Health outreach for children and women in Kaliro Uganda.
Save Community Care Foundation (SCCF), in partnership with Ryvanz-Mia Charity, bring near integrated Health services to vulnerable people. Communities with nutrition supplements for children aged 6-59 months give clothes to children. AGYW to make safe, washable, and reusable sanitary pads and Sexual education.
We managed to reach 111 Adolescent Girls and Young Women (AGYW) with training on how to make safe, washable, reusable sanitary pads and Sexual education. The first session had 37 participants, the second session had 37 participants, and the third session had 37 participants.
We reached 683 children with Vitamin A and Deworming tablets for children aged 12-59 months. The younger mothers received nutrition training, education, and sessions through group discussion and interactive teaching methods. Mothers learn about the importance of certain foods, breastfeeding, feeding practices, and how to treat various illnesses like children’s diarrhea.
We managed to give 50 children clothes; these children are orphaned, neglected, on ARVs and TB drugs, abandoned, and living in acute poverty.
Teenage pregnancy and childbearing contribute to the high maternal mortality ratio, with about 1/3 of all maternal deaths among young people aged 10 – 24. Adolescent girls have a 35% to 55% higher risk of delivering a pre-term or low-birth-weight infant. Mothers older than 19 years, and the infant mortality rate is 60% higher amongst newborns of child mothers.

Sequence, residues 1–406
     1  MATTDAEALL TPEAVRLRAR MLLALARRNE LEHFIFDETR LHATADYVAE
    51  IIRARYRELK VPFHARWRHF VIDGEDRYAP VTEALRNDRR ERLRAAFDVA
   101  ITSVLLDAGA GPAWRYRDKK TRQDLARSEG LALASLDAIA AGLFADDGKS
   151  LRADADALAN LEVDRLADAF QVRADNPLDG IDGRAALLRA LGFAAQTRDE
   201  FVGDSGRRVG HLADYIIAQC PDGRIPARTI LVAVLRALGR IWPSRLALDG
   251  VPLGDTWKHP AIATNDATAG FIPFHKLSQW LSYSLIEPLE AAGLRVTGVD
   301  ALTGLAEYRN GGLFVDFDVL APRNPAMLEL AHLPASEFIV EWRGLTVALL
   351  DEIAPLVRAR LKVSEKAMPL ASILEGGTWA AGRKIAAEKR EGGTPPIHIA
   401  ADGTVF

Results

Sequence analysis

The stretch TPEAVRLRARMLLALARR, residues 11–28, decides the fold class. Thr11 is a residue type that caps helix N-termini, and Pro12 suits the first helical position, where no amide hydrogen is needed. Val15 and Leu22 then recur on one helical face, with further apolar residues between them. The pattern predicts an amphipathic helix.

With the absence of sex education, girls are still becoming pregnant, which worsened during the lockdown. It’s become common for mothers to help their daughters obtain illegal abortions rather than endure the stigma of being an unwed teenage mother.
Due to the inability to afford proper menstrual products, girls and young mothers cannot rely on improvised materials to absorb their menstrual flow. Girls’ options range from using old sponges and scraps of old clothes materials that are not hygienic, and effective. This leads to poor attendance and poor performance in class, causing them to drop out of school.
Our heartfelt gratitude goes to; Ryvanz-Mia Charity, which played a significant role in sponsoring the activity. They financially coordinate and manage the organization’s website and other social media networks for the organization.
Many thanks to Kaliro Town Council Health Centre II and District Probation Officer for helping observe SOPs and MOH guidelines in the outreach.
Village Health Teams (VHTs) and Local Council Stakeholders of Kaliro help mobilize, sensitize, and conduct community education.
We reached out to 770 residents of Kaliro, of which 659 received Vitamin A and deworming tablets. Secondly, about 111 Adolescent Girls and Young Women (AGYW) were trained on how to make safe, washable, reusable sanitary pads and sexual education.
We reach out to children Adolescent Girls and Young mothers through the use of Village Health Teams and Local Council Stakeholders. Local partners help us to mobilize and reach information to all our beneficiaries in Bulangira, Zibondo, Bugabwe, Budini, and Buwalujo villages where SCCF beneficiaries are staying.